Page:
Smile, We Can Hear You! Does Your Voice Charm or Alarm?
A smile can be charming and distractingly disarming. What better way to put people at ease than with a friendly display of your pearly whites! There is truly nothing more mesmeric than a beautiful smile.
However, with a slight change in the facial muscles, and a distinct change of purpose, we notice a grimace of pain, anger or aggression. In the animal kingdom when a lion, baboon or domestic dog ‘smiles’ at you by retracting their gums and exposing their razor sharp teeth, the charm turns quickly to alarm, and we know we are in potential danger.
Only humans smile to display pleasure, amusement and appeasement. In fact a smile in humans normally expresses the absence of danger; so why do we do it? How did it develop to separate us from the rest of the animal kingdom? The answer came in 1980 with an explanation from Professor John J Ohala from the Department of Linguistics at the University of California, Berkeley.
In his research paper “The Acoustic Origins of the Smile”, Ohala proposed that words sound better to humans when accompanied by a smile. By smiling, the cheeks are pulled back reducing the size of the mouth cavity and this produces higher vocal tract resonances. Avoiding lower pitched sounds makes us less threatening and more likely to positively connect. Think of the sounds your voice makes when you talk to a nervous kitten, meet a young child, or greet a friend you haven’t seen for years! To make these sounds our lips retract and the vocal placement goes into our cheek bones, and so the smile was born!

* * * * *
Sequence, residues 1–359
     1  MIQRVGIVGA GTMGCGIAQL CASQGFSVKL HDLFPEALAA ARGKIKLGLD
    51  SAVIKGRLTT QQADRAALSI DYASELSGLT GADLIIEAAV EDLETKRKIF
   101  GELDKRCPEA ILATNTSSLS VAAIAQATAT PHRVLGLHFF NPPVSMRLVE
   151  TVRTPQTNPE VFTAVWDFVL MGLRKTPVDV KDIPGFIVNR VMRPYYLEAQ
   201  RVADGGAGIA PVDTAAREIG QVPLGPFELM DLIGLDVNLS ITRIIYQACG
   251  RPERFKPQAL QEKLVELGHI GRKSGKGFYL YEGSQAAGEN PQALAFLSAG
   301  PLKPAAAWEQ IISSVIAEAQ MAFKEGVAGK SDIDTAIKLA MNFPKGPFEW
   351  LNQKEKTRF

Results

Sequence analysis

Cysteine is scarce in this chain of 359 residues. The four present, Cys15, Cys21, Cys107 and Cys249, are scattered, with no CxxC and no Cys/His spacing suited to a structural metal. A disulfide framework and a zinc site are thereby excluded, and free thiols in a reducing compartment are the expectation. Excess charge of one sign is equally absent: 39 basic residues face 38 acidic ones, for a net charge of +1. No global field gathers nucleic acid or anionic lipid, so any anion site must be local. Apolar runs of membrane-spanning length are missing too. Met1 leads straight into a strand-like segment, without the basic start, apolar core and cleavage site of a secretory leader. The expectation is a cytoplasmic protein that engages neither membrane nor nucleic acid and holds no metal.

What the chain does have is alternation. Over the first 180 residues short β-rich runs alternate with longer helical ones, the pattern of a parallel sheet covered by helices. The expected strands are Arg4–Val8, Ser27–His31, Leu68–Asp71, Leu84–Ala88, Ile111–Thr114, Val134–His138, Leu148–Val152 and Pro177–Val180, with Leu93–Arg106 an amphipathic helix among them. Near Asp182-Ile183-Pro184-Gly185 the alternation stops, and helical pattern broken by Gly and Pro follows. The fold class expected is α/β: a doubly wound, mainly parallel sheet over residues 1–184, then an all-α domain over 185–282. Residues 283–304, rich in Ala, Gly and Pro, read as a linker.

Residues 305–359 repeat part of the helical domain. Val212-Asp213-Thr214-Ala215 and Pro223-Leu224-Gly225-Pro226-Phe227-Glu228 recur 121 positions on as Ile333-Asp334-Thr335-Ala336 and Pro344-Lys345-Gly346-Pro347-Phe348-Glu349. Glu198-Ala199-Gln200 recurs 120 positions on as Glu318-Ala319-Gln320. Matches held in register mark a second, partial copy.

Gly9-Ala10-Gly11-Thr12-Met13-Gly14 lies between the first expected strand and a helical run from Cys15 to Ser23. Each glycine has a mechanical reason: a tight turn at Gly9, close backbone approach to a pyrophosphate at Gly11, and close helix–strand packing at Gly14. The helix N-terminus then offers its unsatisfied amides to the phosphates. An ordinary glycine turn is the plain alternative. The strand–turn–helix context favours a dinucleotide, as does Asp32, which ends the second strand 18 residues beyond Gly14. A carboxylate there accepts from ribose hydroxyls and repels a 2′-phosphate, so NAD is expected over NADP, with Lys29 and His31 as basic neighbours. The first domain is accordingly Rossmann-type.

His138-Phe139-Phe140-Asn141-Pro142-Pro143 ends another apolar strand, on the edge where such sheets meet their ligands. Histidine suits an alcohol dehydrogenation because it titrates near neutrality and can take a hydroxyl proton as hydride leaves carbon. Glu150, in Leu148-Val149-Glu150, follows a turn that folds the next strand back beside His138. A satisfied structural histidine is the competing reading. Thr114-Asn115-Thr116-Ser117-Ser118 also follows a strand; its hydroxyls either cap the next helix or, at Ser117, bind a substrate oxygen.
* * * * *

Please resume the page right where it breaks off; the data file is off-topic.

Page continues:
When I work with Sales Teams or Customer Support Teams who do most of their work on the telephone, we notice the massive improvement in Customer perception when the ‘voice’ of the organisation is smiling. They can’t see you, but they can sure hear your smile! And this is not some pithy tip that lives in a hypothetical world of extreme tree hugging positivity – the feedback from our customers range from ‘she really cared about my issue’, ‘I felt I could trust him’ to ‘I really appreciated his patience and understanding’.
Smiles are vital for better relationships – after the eyes, the next most looked at part of the body is our mouth. So whether it’s face to face or on the phone, Smile! You’d never know who’s listening!
John Ohala’s original paper:
© Poll Moussoulides
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